A Shared Culture of Conflict of Interest

SHARE

SHAFAQNA- Keane Bhatt, Fair: In late 2010, a US District Court judge threw out a case filed by the American Civil Liberties Union and the Center for Constitutional Rights against President Barack Obama. The groups had argued that the administration was violating the Constitution and international law in attempting to assassinate Muslim cleric Anwar Al-Awlaki, a US citizen residing in Yemen, without providing him with charges, evidence or due process.

“If the court’s ruling is correct, the government has unreviewable authority to carry out the targeted killing of any American, anywhere, whom the president deems to be a threat to the nation,” explained ACLU lawyer Jameel Jaffer (CNN, 12/7/10).

A little over a month later, Obama hosted a state dinner for President Hu Jintao of China—an event “highly choreographed,” supposedly, to raise human rights concerns, according to Voice of America (1/24/11). The dinner was to take place on the heels of a joint news conference in which Obama “gently but pointedly prodded China to make progress on human rights,” wrote the New York Times (12/19/11) unquestioningly.

Emerging as a victor in an “intense winnowing-down process by a White House confronted by some of the toughest jockeying for invitations in recent memory” (New York Times, 1/19/11), Human Rights Watch executive director Kenneth Roth arrived at the function, which also hosted the leaders of Microsoft, Boeing, Goldman Sachs, JP-Morgan Chase and Disney. (The administration also aimed to “press China to open its markets to goods made by American companies,” reported the Times.)

Roth saw a nobler rationale for his own presence: “I knew that I was being used as a symbol—to signal a tougher approach on human rights,” he wrote in the L.A. Times (1/23/11), and he took on his US-appointed role with gusto.

President Hu, said Roth (VOA, 1/24/11), “was frankly my most important target, if you will, when I went into the White House.” Roth was “pleasantly surprised” to be “seated in the main State Dining Room” where, “with the Obama administration’s backing, I had been able to explain to a senior Chinese official why his government’s treatment of [political prisoner] Liu [Xiaobo] was a clear violation of the right to freedom of expression” (L.A. Times, 1/23/11).

Roth concluded, “I had a chance to chat further with Obama. I thanked him for being more outspoken on human rights in China and for finding a way to discuss the issue that was genuine and heartfelt.”

How was the president—who just weeks prior had employed a “state secrets” justification for his right to maintain a covert kill list—so easily able to recruit the head of a self-described “independent” nonprofit to use human rights as part of an event contrived to advance US interests? Put another way, if New York City-based HRW were instead headquartered in 1970s-era Santiago, Chile, when that government similarly administered an international assassination program, would HRW expect its denunciations of Soviet human rights abuses at Pinochet’s behest to be taken seriously?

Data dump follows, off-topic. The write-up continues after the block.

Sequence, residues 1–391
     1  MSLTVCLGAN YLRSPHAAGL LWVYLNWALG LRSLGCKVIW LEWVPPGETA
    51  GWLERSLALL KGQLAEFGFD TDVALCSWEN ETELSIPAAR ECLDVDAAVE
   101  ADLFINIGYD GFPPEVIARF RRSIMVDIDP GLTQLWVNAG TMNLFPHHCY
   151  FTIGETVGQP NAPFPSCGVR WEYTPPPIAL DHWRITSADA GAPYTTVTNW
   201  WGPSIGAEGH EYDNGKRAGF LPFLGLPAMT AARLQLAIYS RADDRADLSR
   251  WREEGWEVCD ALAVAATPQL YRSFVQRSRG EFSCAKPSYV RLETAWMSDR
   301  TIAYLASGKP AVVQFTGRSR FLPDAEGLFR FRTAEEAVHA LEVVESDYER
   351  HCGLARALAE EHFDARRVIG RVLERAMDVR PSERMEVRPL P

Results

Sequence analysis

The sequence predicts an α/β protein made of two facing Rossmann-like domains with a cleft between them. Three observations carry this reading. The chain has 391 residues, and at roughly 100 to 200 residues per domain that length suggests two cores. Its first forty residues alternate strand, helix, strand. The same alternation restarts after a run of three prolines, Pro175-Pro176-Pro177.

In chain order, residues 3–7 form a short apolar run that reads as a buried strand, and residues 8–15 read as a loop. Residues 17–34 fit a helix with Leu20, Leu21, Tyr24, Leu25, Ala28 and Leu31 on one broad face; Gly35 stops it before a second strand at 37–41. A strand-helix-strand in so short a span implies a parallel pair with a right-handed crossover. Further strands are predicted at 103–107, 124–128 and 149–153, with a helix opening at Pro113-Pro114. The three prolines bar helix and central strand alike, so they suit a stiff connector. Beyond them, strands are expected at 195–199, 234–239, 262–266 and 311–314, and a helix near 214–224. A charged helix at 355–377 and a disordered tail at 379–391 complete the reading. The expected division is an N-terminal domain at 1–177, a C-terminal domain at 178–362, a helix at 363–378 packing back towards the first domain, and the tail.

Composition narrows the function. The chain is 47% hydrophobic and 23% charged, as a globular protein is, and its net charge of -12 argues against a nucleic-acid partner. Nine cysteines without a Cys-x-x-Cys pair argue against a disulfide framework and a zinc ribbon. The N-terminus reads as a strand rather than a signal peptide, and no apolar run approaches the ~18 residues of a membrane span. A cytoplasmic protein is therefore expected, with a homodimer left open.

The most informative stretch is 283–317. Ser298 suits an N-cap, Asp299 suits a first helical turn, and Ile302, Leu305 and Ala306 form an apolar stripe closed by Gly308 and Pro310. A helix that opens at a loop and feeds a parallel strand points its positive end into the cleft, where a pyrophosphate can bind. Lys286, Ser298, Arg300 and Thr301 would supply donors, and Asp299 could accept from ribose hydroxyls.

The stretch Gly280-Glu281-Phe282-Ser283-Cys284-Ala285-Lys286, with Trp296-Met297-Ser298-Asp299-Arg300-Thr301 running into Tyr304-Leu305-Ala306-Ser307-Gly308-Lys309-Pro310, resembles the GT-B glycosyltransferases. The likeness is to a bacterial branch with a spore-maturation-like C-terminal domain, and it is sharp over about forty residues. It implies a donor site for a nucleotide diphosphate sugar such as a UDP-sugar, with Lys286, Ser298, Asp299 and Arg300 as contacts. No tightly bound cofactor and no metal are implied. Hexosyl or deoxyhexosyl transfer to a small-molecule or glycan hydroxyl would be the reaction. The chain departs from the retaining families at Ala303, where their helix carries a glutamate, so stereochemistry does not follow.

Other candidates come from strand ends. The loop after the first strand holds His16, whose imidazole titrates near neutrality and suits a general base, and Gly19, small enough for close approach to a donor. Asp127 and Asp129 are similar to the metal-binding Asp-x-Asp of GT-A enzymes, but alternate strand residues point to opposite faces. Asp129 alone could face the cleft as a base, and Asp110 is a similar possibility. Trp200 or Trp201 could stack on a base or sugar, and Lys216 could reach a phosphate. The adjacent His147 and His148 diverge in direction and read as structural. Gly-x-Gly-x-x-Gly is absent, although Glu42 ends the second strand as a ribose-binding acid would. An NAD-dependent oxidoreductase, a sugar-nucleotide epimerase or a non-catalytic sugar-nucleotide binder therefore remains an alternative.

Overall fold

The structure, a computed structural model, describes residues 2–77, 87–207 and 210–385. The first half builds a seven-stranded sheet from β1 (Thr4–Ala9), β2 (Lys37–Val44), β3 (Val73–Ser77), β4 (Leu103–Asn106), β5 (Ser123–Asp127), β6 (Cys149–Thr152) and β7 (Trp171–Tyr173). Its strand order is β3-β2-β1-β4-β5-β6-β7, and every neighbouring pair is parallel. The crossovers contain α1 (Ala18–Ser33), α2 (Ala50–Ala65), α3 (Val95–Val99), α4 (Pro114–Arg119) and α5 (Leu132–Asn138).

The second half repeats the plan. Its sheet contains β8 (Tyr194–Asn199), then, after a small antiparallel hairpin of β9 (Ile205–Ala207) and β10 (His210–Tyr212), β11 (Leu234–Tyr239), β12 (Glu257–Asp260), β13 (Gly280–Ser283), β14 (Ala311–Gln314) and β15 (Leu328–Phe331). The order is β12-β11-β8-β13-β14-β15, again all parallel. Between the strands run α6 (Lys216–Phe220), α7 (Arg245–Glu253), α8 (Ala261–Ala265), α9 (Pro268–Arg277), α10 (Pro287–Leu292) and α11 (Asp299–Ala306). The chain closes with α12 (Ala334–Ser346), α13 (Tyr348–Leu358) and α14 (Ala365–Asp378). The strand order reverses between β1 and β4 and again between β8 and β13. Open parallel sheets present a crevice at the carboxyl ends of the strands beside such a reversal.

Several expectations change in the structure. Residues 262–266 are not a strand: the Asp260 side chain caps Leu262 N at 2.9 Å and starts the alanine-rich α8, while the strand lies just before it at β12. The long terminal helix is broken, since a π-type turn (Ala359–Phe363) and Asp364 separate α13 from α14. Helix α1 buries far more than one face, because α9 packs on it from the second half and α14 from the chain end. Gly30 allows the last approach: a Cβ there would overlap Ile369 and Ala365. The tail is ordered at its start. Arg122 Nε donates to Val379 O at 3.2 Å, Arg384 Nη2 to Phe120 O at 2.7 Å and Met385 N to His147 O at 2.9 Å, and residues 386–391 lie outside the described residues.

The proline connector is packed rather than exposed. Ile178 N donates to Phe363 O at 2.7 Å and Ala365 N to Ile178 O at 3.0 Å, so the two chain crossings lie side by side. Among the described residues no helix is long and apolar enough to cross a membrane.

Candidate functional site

Part of the answer for Roth’s dutiful performance rests with Human Rights Watch’s institutional history, whose Cold War framework fit well with Obama’s task for the group. HRW’s first incarnation in 1978, as Helsinki Watch, was “designed to support the citizens groups formed throughout the Soviet bloc” and engage in “publicly ‘naming and shaming’ abusive governments” throughout “the Soviet Union and Eastern Europe” (“Our History,” HRW.org).

But a second reason lies in HRW’s present-day conflicts of interest, which contribute to a culture of normalizing and accommodating the extreme power that the United States arrogates to itself. Only under such a worldview could President Obama have the moral standing to advocate for human rights improvements in China—a country whose head of state could never maintain a secret international extrajudicial kill list, for example.

HRW’s ties to US power were publicly criticized in a campaign launched in May: Two Nobel Peace Prize laureates and over 100 scholars, lawyers, journalists and current and former United Nations officials submitted an open letter to Roth that I organized, detailing HRW’s revolving door to human rights–abusing arms of the US government, and instances of inconsistent advocacy that suggested an unhealthily close relationship to US power (AlterNet, 5/12/14).

The letter noted that HRW’s former Washington advocacy director, Tom Malinowski, had previously been a special assistant to President Bill Clinton, and that he left HRW to serve as an assistant secretary of State for Obama. Miguel Díaz, prior to his eight years on HRW’s advisory committee for Latin America, had worked as a CIA analyst. “Now at the State Department,” we wrote, Díaz’s official role is to serve as “an interlocutor between the intelligence community and nongovernment experts.”